11 Heat Flow Heat flow heat from Earth s interior released to surface Very high at mid-ocean ridges Low at subduction zones Earthquakes as Evidence Most large earthquakes occur at subduction zones. Earthquake activity mirrors tectonic plate boundaries. 11

12 Global Plate Boundaries Types of Plate Boundaries 12

13 Examples of Plate Boundaries Divergent Boundary Features Plates move apart Mid-ocean ridge Rift valley New ocean floor created Rifting Shallow focus earthquakes Intensity measured with seismic moment magnitude 13

14 Divergent Plate Boundary Generation of a Divergent Boundary 14

15 Formation of a Rift Valley Types of Spreading Centers Oceanic rise Fast-spreading Gentle slopes East Pacific Oceanic ridge Slow-spreading Steep slopes Mid-Atlantic Ultra-slow Deep rift valley Widely scattered volcanoes Arctic and southwest India 15

16 Types of Spreading Centers Convergent Boundary Features Plates move toward each other Oceanic crust destroyed Ocean trench Volcanic arc Deep focus earthquakes Great forces involved Mineral structure changes associated 16

17 Three Types of Convergent Boundaries Types of Convergent Boundaries Oceanic-Continental Convergence Ocean plate is subducted Continental arcs generated Explosive andesitic volcanic eruptions 17

18 Types of Convergent Boundaries Oceanic-Oceanic Convergence Denser plate is subducted Deep trenches generated Volcanic island arcs generated Types of Convergent Boundaries Continental-Continental Convergence No subduction Tall mountains uplifted Himalayas from India-Asia collision 18

19 Transform Boundary Features Offsets oriented perpendicular to mid-ocean ridge Segments of plates slide past each other Offsets permit mid-ocean ridge to move apart at different rates Shallow but strong earthquakes Transform Boundary Features Oceanic Transform Fault ocean floor only Continental Transform Fault cuts across continent San Andreas Fault Transform faults occur between mid-ocean ridge segments. 19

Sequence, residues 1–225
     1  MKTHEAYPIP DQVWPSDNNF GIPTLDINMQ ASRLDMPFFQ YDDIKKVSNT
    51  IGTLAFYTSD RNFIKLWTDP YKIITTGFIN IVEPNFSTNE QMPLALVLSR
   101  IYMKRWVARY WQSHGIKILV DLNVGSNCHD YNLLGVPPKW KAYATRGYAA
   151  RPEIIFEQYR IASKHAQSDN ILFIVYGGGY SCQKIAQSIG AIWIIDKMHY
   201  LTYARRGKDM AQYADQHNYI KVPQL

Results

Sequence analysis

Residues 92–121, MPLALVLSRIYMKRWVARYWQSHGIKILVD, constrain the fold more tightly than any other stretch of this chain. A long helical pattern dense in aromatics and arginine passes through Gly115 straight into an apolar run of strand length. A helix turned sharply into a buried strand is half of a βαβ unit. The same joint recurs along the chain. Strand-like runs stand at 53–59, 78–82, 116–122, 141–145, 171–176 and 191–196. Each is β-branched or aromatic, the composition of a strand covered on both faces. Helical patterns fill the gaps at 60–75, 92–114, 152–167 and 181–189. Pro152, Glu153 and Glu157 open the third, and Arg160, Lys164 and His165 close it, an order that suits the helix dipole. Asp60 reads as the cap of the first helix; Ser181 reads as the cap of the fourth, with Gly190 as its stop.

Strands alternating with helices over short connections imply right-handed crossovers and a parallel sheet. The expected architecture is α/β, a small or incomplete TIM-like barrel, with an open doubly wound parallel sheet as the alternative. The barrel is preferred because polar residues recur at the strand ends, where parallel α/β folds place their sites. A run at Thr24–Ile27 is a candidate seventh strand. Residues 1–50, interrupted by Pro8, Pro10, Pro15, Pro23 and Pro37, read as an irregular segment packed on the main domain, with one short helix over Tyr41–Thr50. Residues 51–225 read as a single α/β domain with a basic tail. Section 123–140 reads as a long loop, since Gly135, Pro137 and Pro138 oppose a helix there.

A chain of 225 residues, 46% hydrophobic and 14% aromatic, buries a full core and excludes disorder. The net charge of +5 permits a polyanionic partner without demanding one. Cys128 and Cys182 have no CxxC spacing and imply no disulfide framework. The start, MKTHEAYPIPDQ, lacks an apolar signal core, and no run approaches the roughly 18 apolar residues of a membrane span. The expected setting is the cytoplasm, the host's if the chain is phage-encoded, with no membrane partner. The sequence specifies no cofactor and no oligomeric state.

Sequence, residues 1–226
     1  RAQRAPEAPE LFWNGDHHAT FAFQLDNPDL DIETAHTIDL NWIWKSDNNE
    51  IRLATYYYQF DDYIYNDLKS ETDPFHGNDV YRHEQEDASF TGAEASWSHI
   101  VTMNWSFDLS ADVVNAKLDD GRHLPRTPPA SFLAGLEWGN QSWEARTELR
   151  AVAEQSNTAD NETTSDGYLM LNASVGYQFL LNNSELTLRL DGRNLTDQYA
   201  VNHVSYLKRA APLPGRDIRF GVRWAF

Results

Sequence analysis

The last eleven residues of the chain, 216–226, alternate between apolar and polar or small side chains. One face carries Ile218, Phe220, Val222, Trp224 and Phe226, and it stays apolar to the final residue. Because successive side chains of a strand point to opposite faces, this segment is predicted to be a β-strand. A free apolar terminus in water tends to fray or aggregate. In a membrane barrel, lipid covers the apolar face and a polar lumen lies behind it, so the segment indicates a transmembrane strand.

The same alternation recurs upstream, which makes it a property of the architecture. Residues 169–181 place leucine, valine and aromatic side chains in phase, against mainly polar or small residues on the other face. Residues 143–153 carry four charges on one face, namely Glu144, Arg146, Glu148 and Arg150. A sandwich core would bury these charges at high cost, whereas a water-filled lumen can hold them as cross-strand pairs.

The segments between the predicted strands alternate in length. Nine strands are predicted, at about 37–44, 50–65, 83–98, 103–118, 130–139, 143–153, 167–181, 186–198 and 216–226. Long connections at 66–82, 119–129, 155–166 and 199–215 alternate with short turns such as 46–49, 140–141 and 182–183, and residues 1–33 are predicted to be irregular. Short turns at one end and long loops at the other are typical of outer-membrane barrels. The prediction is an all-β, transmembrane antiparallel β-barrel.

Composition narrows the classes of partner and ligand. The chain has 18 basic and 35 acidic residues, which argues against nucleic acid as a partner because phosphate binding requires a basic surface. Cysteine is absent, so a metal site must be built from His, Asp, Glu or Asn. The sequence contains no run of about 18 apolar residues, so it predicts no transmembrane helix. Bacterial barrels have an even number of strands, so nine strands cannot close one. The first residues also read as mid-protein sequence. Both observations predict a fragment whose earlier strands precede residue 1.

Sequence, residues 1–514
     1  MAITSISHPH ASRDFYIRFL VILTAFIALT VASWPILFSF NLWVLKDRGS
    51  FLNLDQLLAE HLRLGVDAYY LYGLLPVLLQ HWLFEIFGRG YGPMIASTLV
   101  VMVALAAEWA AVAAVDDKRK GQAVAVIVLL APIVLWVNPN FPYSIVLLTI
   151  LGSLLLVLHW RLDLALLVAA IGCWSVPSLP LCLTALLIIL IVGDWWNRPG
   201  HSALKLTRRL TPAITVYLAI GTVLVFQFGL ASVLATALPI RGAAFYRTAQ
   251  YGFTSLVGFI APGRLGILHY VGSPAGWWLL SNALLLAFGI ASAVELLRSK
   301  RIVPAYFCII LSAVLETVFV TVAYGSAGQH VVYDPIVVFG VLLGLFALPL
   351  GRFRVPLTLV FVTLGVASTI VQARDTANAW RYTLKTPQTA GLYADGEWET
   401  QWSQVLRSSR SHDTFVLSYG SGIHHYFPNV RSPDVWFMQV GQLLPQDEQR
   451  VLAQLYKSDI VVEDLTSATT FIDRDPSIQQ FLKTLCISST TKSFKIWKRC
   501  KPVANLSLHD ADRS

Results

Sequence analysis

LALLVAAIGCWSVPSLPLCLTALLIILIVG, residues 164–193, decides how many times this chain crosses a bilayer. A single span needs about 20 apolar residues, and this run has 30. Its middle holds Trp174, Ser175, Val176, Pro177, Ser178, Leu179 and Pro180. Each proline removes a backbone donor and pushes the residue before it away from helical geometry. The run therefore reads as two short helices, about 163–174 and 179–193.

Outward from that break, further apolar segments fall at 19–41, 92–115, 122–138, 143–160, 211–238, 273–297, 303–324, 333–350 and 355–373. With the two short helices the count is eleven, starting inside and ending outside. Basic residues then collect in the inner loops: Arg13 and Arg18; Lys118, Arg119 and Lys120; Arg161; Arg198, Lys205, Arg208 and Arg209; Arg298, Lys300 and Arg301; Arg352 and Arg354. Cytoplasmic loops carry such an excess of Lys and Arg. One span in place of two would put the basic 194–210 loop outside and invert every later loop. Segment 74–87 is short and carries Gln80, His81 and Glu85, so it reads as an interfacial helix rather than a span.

20 Transform Boundary Features Applications of Plate Tectonics Mantle Plumes and Hotspots Intraplate features Volcanic islands within a plate Island chains Record ancient plate motions Nematath hotspot track 20

21 Global Hotspot Locations Hawaiian Island Emperor Seamount Nematath More than 100 intraplate volcanoes Stretches over 5800 km (3000 mi) Age relationships of volcanoes suggest northwest migration of Pacific Plate 21

22 Plate Tectonics and Intraplate Features Seamounts Rounded tops Tablemounts or guyots Flattened tops Subsidence of flanks of mid-ocean ridge Wave erosion may flatten seamount. Coral Reef Development Fringing reefs develop along margin of landmass Barrier reefs separated from landmass by lagoon Atolls reefs continue to grow after volcanoes are submerged 22

23 Coral Reef Development Stages Great Barrier Reef Records Plate Movement 23

24 Paleogeography Paleogeography study of ancient continents Continental accretion Continental material added to edges of continents through plate motion Pangaea 540 million to 300 million years ago Paleogeographic Reconstructions 24

25 Breakup of Pangaea 180 million years ago Pangaea separated N. and S. America rifted from Europe and Africa Atlantic Ocean forms 120 million years ago S. America and Africa clearly separated 45 million years ago India starts Asia collision Australia moving north from Antarctica Future Predictions Assume same direction and rate of plate motions as now Atlantic will enlarge, Pacific will shrink New sea from East Africa rift valleys Further Himalaya uplift Separation of North and South America Part of California in Alaska 25

26 World Map 50 Million Years in Future 26